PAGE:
Uber faces a federal investigation into corporate espionage

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(San Francisco) – federal prosecutors are investigating allegations that Uber sent spies to steal trade secrets from rivals. The revelation led to a high-profile trial that delayed whether the embattled car service had stolen self-driving technology from the GuGe spin-off.
A 37page letter from the department of justice is focusing on the charge by former global intelligence manager Richard Jacobs of Uber. Jacobs wrote to Uber lawyers in May. The letter alleges that Jacob was mistakenly demoted and then fired for trying to stop the company from being accused of wrongdoing.
Until Tuesday, the investigation has not yet gone public, when it rise out of the water in the court hearing, the hearing was to make Uber and eight years ago in Google self-driving car pioneer Waym o a experiment was carried out.
The hearing quickly became a BBS, raising more questions about the ethics of Uber and corporate culture. In the past year, optimal step has been due to internal rampant sexual harassment, designed to prevent regulatory technology deception and annual hackers covers 57 million passengers and 600000 driver’s personal information.
Jacob, whose lawyer wrote the letter at the center of the courtroom drama, testified Tuesday that Uber had set up a secret unit to steal trade secrets from its rivals. He didn’t specify which competitors Uber targeted, but said some of the stolen information involved drivers. His allegations were kept secret until last week, when the justice department handed them over to U.S. district judge William Alsup.
To protect itself from potential trouble, Uber often communicates via a service called Wickr, which automatically deletes emails. Jacob testified that the company is also depend on the secret of the computer system to eliminate all the digital path, security group to train Pittsburgh self-driving cars engineers how to hide their electron orbital.
Jacobs said Uber’s spy team also hired contractors who hired former cia agents to assist surveillance.


The letter also alleged that Uber had stolen the business secrets of Waymo and other intellectual property rights in the United States, according to a skeptical Jacob.
But Jacob said his lawyer was wrong to make the allegation. He insisted that he didn’t know Uber spy team steal anything in the United States, he explained that missed the mistake, he says because he is on vacation with his wife, took only about 20 minutes to review this mistake.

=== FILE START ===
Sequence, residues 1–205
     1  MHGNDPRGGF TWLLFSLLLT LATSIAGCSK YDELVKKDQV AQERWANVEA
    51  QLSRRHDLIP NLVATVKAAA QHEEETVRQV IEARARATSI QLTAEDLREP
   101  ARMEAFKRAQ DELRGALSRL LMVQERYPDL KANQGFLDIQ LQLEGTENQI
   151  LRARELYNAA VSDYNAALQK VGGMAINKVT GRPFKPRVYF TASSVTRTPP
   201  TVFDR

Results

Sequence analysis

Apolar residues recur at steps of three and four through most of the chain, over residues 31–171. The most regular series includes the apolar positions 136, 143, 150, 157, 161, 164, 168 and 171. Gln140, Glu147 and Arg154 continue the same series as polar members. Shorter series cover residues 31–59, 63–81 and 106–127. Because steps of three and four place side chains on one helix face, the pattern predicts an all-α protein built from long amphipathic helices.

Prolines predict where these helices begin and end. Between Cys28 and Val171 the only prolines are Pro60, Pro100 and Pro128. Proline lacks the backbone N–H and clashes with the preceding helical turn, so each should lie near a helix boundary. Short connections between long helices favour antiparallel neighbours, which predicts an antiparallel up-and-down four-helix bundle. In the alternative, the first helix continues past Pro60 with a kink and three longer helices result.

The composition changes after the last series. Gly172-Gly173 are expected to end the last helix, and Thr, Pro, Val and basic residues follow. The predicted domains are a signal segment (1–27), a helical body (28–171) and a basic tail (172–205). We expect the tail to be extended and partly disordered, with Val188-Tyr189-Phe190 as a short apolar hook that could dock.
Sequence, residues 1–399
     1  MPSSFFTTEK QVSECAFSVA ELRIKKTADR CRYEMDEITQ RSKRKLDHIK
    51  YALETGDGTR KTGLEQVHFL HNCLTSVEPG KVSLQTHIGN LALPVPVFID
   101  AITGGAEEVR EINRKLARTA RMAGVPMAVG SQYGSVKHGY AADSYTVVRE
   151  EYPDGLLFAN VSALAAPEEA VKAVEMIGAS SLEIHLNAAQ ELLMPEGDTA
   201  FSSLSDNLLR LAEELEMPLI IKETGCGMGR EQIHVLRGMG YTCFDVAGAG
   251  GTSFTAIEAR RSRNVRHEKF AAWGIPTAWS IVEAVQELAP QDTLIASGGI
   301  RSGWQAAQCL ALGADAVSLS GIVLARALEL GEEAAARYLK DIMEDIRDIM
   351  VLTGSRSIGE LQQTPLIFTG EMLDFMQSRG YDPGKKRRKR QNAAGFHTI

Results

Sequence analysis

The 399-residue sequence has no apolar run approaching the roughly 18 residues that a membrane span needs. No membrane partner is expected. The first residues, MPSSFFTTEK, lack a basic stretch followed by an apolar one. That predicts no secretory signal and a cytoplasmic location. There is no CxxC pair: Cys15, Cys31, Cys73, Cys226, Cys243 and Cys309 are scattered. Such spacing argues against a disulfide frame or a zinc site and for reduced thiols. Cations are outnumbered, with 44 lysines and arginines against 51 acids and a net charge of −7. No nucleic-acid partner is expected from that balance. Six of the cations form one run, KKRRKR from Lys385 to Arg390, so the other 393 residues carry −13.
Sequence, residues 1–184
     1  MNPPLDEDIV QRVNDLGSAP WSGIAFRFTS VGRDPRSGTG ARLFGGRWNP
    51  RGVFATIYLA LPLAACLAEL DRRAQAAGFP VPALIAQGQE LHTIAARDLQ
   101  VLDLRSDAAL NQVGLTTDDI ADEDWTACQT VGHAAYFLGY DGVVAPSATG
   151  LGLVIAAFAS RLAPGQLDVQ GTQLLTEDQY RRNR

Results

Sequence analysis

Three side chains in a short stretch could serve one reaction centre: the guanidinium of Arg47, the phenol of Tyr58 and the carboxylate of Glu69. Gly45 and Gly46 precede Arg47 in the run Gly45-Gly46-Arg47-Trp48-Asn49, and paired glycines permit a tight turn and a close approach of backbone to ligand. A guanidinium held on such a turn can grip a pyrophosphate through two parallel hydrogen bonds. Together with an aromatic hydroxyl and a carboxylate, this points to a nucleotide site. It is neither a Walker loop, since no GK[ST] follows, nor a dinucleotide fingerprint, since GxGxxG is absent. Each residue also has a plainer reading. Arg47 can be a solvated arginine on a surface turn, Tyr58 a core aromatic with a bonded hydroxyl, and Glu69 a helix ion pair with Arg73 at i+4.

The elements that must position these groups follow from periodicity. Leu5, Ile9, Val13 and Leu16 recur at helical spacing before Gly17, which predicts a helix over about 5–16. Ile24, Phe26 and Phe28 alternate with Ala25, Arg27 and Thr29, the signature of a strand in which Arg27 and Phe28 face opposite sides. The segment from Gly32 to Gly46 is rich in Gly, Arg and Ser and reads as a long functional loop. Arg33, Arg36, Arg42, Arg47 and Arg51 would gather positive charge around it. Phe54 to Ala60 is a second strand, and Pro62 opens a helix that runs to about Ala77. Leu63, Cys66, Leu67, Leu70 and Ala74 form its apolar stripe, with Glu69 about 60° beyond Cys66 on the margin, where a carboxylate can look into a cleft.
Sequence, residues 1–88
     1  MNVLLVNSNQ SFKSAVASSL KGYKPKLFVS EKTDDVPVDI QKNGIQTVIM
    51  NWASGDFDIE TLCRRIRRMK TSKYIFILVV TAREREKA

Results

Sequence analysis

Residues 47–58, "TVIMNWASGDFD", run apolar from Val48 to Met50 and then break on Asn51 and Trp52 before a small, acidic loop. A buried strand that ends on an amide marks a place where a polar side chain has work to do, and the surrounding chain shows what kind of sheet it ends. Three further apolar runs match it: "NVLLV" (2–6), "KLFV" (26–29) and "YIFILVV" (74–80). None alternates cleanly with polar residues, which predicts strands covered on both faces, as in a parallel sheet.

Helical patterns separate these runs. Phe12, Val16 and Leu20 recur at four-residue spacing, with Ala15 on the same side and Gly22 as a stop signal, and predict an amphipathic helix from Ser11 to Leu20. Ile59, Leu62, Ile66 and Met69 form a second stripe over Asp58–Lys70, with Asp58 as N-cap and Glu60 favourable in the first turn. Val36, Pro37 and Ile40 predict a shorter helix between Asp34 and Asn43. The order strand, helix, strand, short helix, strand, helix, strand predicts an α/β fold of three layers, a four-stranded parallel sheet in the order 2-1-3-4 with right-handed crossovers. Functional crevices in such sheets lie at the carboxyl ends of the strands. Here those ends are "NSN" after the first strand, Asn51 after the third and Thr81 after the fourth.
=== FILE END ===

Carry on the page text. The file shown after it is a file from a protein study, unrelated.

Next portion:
Uber paid $4.5 million to Jacobs as part of a secret solution to his shooting, which Jacobs said was being grilled by Waymo lawyer Charles Verhoeven. If Jacob violated the rules that required him not to say any harm to Uber, then some of the settlement could be withheld.
“He may have been bought by Uber,” Alsup said of Jacobs in a play on Tuesday.
In his letter, alsup called the allegations a “scandal” and didn’t notify Uber’s legal team before it was notified by the justice department. “I can’t believe anything you say, because it’s proven wrong,” alsup told Uber lawyer Arturo Gonzalez. The judge also called Uber’s spy team “a cement worker.”
Gonzales has repeatedly tried to convince Alsop that the allegations in Jacob’s letter have nothing to do with Mr. Weiler’s case against him. The lawyer also argued that the company used secret communication channels for reasons of employee safety. But the judge did not waver.
“It’s a very bad opportunity for Uber,” alsup said. “And it’s going to be 50-50, and it’s going to be a dry hole.”
In a defense statement, Uber noted that Jacob’s testimony was that he did not know that the company had stolen any trade secrets from Waymo. “The testimony of [Tuesday] did not change the merits of the case,” Uber said.
Alsup delayed the waymo-uber test that began on December 4, giving Waymo more time to gather evidence. He did not immediately set a new trial date.
Waymo claims that Uber has built its own self-driving fleet using the trade secrets of former Waymo engineer Anthony Levandowski. Uber paid $680 million last year for self-driving cars founded by Levandowski after it left Waymo in January 2016.
Uber’s latest bombshell was due to the company’s attempt to sell a $10 billion private stake.
Ahead of a planned investment of Japanese companies Softbank (t) program, with about $68 billion discount price for less than a 30% discount to buy shares, according to several media quoted people familiar with the matter. Part of the reason for the price cuts is that Uber’s reputation has been disrupted, and its rivals, such as Lyft, have been lured away by the search for alternative rides.

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